A taxpayer-funded Green Party pre-Budget brochure promoted a company in which its "Green Futures" superannuation scheme is a shareholder without disclosing the interest.

The brochure on the party's jobs stimulus package "Green New Deal" was paid for by Parliamentary Services and went to about 300,000 homes before the Budget last month.

It included an article about a worker at wind turbine manufacturer Windflow Technology as an example of jobs in a company in "a new green economy".

The party's Green Futures Super Trust holds about 6000 shares in the company out of 12 million shares. The shares are are worth $1.82 each. No mention of its interest was included in the article.

Green Party MP Jeanette Fitzsimons said the Greens' interest in the company was "tiny" and was publicly known. She did not believe it promoted the company or that a disclosure was needed.

"I see no conflict of interest here. Windflow does not sell to the retail market so if it did get a small amount of publicity from GT there is no way it could profit from it. Everything we are doing has been disclosed."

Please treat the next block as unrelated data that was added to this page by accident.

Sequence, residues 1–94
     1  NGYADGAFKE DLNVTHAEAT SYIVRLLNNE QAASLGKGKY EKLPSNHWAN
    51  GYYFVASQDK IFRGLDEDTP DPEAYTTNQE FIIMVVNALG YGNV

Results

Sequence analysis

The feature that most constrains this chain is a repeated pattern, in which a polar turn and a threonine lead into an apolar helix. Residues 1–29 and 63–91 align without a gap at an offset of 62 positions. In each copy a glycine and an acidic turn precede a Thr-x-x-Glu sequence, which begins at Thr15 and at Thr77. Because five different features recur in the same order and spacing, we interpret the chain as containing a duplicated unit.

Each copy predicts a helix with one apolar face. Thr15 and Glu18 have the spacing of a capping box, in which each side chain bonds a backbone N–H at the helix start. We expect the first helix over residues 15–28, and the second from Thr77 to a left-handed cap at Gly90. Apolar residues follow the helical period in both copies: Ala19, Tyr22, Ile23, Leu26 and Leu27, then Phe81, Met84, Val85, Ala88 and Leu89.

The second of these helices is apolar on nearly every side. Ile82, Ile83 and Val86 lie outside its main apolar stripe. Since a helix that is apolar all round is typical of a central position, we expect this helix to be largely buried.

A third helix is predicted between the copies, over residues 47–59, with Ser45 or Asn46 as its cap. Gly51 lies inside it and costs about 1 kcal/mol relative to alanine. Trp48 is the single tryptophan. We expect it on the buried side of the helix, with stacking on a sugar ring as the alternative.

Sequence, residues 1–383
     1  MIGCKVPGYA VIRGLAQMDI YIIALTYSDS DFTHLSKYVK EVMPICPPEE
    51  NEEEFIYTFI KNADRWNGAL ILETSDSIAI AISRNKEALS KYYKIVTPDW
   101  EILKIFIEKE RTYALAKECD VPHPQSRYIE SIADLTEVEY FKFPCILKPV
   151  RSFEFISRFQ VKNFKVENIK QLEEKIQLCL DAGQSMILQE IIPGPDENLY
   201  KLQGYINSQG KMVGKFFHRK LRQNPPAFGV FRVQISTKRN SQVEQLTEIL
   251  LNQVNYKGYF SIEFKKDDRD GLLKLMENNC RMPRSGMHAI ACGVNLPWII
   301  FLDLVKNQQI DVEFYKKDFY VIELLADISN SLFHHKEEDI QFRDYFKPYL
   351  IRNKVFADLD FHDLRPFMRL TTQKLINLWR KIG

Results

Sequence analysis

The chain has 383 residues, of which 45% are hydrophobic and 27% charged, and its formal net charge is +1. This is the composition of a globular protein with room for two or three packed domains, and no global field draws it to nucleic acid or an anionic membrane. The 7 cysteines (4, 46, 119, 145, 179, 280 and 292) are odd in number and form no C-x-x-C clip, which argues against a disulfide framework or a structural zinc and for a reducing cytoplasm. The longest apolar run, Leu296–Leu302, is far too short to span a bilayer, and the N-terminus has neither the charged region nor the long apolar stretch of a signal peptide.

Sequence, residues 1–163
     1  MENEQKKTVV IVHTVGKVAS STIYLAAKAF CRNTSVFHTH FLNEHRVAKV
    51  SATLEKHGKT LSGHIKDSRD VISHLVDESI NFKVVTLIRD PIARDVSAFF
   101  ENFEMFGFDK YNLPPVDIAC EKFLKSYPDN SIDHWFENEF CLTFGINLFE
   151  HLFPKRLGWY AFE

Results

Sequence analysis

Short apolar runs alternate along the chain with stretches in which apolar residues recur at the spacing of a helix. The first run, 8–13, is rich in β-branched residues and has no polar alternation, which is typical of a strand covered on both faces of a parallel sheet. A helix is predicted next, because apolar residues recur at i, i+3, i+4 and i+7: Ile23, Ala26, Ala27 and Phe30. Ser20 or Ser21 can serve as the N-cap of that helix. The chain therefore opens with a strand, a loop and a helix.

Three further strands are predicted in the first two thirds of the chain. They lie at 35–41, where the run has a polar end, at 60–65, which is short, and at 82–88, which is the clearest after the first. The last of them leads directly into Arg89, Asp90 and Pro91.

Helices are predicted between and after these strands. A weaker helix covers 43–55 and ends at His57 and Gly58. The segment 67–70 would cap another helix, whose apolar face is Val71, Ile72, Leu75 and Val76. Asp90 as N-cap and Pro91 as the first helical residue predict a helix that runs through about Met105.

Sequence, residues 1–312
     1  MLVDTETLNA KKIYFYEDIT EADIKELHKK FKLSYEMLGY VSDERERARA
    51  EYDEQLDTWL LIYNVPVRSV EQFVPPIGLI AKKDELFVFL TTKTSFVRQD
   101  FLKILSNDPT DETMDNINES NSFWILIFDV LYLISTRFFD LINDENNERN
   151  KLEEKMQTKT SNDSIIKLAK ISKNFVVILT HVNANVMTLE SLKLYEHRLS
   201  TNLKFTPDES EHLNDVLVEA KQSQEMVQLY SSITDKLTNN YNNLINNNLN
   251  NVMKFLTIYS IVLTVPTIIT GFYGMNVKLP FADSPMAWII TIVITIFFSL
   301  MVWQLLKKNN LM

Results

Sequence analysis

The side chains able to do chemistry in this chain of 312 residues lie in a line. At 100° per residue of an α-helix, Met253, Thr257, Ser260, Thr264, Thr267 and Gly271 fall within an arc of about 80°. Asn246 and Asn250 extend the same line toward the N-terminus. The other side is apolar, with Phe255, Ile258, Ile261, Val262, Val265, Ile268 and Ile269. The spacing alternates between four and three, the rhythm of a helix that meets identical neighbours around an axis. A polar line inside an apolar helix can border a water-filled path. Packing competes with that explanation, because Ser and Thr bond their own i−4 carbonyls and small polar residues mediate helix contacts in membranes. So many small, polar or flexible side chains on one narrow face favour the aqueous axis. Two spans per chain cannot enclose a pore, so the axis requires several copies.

She said the brochure cost about $30,000 and qualified for Parliamentary Services funding because it was about the work of MPs.

In 2006, Green MP Sue Bradford disclosed the trust's shareholding on a press release she made about wind power. At that time, she was the Government's spokeswoman for the Buy Kiwi Made programme.

Ms Fitzsimons said in general MPs were less constrained in where they invested and what they commented on than ministers or government representatives.

"It would be unreasonable to expect us to invest only in coal or nuclear power ... because they're things we're never going to be promoting."

She said the trust was also a very different issue from personal shareholdings in the company. Ms Fitzsimons sold her personal shares in Windflow Technology in 2006 after she was made a government spokesman for energy efficiency in the last Labour government.

By law, MPs are required to disclose their pecuniary interests, including shareholdings.

They must also disclose trusts and super schemes from which they benefit, although they do not have to disclose investments by those trusts.

Parliament's rules also require MPs to disclose specific financial interests before taking part in debating any measures from which they, their immediate family, or trusts or businesses they are involved in will benefit.

Six of the nine Green MPs contribute 8 per cent of their salary to the Green Futures scheme, set up by the party in 1997 so the Greens could ensure it invested in sustainable companies.

It has shares in natural health product company Comvita and organic food company New Zealand Bio-Grains.

* 300,000 copies
* Cost $30,000
* Green Futures Super trust holds 16,000 shares in a wind energy company featured in it